However you like your tea, one thing is for sure, with an amazing history spanning more than 5000 years, it sure isn’t some passing fad.

Tips for Brewing The Perfect Cuppa

There are some simple techniques for brewing tea that will make the difference between making a good cup of tea and a superb one.

Clean Your Equipment before making your tea.
Make sure your teapot and utensils are clean. This helps to remove mineral deposits and old residue that can taint the flavour of your freshly made brew.

Start with Cold, Good-Tasting Water
Since tea is comprised of 99% water, the type of water you use will have an impact on the clarity and taste of your tea. The best type of water to use when brewing tea is filtered or bottled water (not distilled water) that is free of chemicals and chlorine. If that isn’t available and you are using tap water, run the tap for around ten seconds and until the water is cold before filling your tea kettle.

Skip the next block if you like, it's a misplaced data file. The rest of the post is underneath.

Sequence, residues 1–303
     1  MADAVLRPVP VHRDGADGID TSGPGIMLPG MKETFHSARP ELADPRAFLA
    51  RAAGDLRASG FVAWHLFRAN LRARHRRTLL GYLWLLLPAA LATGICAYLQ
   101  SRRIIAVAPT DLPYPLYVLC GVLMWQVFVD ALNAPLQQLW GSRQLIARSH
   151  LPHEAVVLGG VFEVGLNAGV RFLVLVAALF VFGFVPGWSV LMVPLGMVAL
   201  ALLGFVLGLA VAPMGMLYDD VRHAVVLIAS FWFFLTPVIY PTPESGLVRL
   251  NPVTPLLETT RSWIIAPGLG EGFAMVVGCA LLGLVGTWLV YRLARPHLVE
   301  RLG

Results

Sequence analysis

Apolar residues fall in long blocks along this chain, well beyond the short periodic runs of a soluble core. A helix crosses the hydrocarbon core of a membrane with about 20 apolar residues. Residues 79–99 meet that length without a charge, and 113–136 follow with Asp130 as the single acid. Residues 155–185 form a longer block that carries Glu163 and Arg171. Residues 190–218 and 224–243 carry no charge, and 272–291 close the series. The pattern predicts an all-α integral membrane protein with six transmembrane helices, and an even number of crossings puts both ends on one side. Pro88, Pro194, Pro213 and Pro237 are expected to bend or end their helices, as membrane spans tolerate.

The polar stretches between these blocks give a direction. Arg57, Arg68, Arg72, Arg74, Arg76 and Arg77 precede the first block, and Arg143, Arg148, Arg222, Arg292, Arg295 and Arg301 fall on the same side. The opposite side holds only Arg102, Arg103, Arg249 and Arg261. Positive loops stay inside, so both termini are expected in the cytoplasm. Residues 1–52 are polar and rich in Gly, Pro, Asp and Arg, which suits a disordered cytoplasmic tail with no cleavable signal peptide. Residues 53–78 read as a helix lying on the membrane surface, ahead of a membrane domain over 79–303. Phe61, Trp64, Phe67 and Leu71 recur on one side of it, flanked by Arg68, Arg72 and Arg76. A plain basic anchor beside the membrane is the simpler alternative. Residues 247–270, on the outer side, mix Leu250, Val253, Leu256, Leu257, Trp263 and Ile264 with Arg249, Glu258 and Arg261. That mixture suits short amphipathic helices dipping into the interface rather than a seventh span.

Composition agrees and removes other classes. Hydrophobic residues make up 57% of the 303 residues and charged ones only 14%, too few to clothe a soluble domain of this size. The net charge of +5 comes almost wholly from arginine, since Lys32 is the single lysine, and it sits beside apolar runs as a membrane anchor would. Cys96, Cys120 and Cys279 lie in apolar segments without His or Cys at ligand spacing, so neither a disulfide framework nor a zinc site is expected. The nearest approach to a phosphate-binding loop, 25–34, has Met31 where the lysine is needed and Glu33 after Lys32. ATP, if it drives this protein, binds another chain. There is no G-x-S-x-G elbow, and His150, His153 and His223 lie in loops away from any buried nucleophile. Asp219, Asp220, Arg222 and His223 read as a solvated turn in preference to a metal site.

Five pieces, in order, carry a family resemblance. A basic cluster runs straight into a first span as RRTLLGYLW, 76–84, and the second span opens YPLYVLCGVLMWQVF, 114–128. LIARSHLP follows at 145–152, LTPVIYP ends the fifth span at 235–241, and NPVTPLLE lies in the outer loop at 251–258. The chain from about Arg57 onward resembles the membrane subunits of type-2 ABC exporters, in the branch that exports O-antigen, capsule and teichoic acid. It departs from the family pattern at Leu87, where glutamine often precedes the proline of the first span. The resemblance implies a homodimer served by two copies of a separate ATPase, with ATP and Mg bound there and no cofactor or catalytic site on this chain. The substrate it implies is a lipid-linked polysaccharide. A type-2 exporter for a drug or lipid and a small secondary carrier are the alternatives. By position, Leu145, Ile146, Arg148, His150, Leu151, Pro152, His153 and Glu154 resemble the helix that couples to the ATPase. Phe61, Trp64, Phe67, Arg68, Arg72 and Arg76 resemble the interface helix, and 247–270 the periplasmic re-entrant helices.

Water and Steeping
The water temperature and length of steeping time varies by the blend of tea you are brewing. Here are some general tea brewing guidelines for water temperature and steeping times. Again, adjust the heat and time based on your individual preferences.
Water Temp: 96-100 C
Steeping Time: 3-5 minutes

Water Temp: 85-93 C
Steeping Time: 3-5 minutes

Water Temp: 73-85 C
Steeping Time: 3-5 minutes

Water Temp: 71-75 C
Steeping Time: 2-3 minutes

Water Temp: 95 - 102 C
Steeping Time: 5-7 minutes

Amount of Tea